It looks like you're using an Ad Blocker.

Please white-list or disable AboveTopSecret.com in your ad-blocking tool.

Thank you.

 

Some features of ATS will be disabled while you continue to use an ad-blocker.

 

Is SETI destined for failure in some aspects?

page: 1
1

log in

join
share:

posted on Jun, 29 2009 @ 05:32 PM
link   
This is just something I have been thinking about lately and I would like some input or guidance on the subject. Also note, this is assuming that they (intelligent life)are not looking for us. Maybe I'm looking at the thing all wrong
If this confuses anyone or makes no sense, please disregard


This is in regards to SETI's practices while looking for radio waves / signatures, Optical SETI sounds like a winner


I've been thinking about this more and more since I read an article involving our transition to DTV and overall advances in the way we communicate with each other. Space.com -- Aliens Lose in Switch to Digital TV . The part that got me thinking is as follows:



It's not impossible to pick up our DTV broadcasts from your favorite M-class planet, but I reckon it would require antennas at least five times larger than demanded for good, old analog TV. ET may balk at the additional cost. Of course, this tale becomes more woeful in a few decades, when high-powered TV broadcasting is replaced entirely – when your favorite reality show enters the living room via cable, optical fiber, or pipsqueak-power wi-fi.


Already, our methods of transmitting data are improving, as was discussed at length here on ATS: Australian scientists may have worked out the mystery of teleportation

Now, about SETI:


SETI, the Search for Extraterrestrial Intelligence, is an exploratory science that seeks evidence of life in the universe by looking for some signature of its technology.
From The Center for SETI Research

Whilst processing all of this (and getting a headache), it made me wonder about a few things.

- SETI is searching for other technological civilizations by detecting radio waves (amongst other things).

- Assuming that other civilizations are just as advanced, or even more than us, their lack of radio waves or other inadvertent signals would be higher right? They could already be using tech that is foreign to us, thus ensuring, maybe inadvertently, that their radio, or even light signatures stay within their environment. Again this is assuming that they have made the same strides as us.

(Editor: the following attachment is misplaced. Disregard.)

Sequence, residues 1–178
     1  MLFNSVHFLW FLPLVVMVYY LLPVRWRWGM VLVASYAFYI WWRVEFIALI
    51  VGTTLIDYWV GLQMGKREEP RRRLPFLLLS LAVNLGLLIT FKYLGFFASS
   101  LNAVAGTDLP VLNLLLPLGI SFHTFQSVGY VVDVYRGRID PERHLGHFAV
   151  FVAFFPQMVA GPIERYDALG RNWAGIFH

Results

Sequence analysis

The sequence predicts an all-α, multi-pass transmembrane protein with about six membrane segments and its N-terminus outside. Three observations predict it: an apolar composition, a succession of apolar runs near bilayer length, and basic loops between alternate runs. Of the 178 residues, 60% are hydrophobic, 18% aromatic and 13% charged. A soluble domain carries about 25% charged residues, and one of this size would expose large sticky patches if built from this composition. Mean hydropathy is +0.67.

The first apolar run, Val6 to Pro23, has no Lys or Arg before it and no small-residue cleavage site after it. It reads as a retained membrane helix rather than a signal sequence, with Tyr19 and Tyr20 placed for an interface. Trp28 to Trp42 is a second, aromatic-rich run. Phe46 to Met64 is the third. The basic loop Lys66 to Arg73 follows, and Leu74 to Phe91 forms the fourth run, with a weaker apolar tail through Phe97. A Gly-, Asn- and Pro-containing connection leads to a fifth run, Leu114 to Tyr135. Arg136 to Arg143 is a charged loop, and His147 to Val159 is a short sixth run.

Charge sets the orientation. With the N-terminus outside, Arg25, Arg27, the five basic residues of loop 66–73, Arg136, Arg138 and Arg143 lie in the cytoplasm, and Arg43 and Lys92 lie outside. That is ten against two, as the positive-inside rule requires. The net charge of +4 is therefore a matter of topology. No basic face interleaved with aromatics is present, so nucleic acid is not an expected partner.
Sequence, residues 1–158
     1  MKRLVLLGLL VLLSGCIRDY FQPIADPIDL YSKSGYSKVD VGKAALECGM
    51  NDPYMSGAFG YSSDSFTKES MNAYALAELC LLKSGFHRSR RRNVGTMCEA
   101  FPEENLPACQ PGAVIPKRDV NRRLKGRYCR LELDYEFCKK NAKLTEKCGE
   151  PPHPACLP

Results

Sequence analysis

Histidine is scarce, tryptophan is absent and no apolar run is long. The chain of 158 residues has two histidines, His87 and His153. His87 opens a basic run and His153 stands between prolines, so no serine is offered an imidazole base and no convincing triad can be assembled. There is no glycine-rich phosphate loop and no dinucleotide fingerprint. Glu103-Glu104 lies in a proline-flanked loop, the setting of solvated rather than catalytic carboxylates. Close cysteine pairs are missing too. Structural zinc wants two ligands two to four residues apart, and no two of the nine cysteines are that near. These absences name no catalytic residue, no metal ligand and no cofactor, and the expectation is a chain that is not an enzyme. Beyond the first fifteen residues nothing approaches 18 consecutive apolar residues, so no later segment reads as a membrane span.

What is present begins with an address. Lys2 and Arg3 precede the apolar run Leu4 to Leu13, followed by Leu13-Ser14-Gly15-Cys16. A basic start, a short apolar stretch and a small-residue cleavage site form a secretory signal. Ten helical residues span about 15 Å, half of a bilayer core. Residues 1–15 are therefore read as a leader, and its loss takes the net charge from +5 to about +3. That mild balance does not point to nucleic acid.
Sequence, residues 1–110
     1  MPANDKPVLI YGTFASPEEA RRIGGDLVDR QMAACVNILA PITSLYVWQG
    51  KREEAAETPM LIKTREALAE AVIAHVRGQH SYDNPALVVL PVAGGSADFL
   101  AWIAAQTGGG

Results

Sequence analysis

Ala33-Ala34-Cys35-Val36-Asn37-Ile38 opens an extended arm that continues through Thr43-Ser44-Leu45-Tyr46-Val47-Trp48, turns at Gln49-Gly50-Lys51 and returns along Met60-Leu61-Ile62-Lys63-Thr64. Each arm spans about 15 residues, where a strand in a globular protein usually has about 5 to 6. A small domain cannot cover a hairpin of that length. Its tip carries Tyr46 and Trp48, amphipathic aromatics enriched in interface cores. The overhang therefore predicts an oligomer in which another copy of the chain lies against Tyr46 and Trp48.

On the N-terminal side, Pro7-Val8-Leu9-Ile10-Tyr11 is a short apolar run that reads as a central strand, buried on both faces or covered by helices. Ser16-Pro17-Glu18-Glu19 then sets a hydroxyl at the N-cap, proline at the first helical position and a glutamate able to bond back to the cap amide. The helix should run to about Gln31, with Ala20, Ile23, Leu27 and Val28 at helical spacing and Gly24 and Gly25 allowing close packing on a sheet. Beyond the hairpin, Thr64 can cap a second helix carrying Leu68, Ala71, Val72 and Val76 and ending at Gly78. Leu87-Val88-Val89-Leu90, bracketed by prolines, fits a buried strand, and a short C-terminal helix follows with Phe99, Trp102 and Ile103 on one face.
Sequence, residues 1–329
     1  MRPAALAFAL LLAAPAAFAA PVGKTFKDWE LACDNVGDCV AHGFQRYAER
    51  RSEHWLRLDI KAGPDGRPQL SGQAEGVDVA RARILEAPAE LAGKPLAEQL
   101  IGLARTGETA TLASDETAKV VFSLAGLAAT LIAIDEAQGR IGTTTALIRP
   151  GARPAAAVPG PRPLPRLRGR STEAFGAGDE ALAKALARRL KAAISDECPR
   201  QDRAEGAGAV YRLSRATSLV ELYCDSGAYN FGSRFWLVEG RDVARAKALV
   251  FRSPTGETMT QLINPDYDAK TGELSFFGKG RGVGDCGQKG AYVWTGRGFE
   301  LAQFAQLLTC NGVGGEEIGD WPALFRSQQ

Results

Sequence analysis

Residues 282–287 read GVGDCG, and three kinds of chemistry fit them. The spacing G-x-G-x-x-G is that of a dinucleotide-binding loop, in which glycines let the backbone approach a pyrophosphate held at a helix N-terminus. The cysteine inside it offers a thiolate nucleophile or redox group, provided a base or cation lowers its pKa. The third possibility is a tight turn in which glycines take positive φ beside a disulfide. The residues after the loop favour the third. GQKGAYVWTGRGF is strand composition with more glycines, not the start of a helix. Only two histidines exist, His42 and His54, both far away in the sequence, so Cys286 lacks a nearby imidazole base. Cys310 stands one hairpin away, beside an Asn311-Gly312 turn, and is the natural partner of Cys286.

- If these civilizations were at one time broadcasting some sort of radio wave during the history of their existence, wouldn't the odds of us catching it be limited? Considering the amount of time it would take to reach us? Perhaps we have already missed it? Or is SETI planning on continuous monitoring?

- At the same time, maybe a civilization has had this same thought and quit "listening" for us or "missed" a while back?

I know, some of this might sound nonsensical. Nonetheless it's something that has been on my mind for a while and if someone could give me their view, that'd be awesome!

[edit on 29-6-2009 by Juston]




posted on Jun, 29 2009 @ 06:00 PM
link   
I believe they will ultimately fail for reasons arising from the possibilites surrounding 'technological singularity.' I submit a detailed hypothesis here:

There is no intergalactic community

I believe all intelligent species reaching the crucial level in their development, the singularity (technological progress reaching exponential speeds in development), actually rather than colonizing space, gain the ability to leave the 3-dimensional universe altogether.

Our perceived absence of intelligent life in this universe is true, because they've moved to exist in other states of being - meaning other, or higher dimensions.



posted on Jun, 29 2009 @ 06:10 PM
link   
Its doomed before it begins.
Because if they got something along comes Mr Air Force and says "Classified".
And they can not release it or be sent to jail.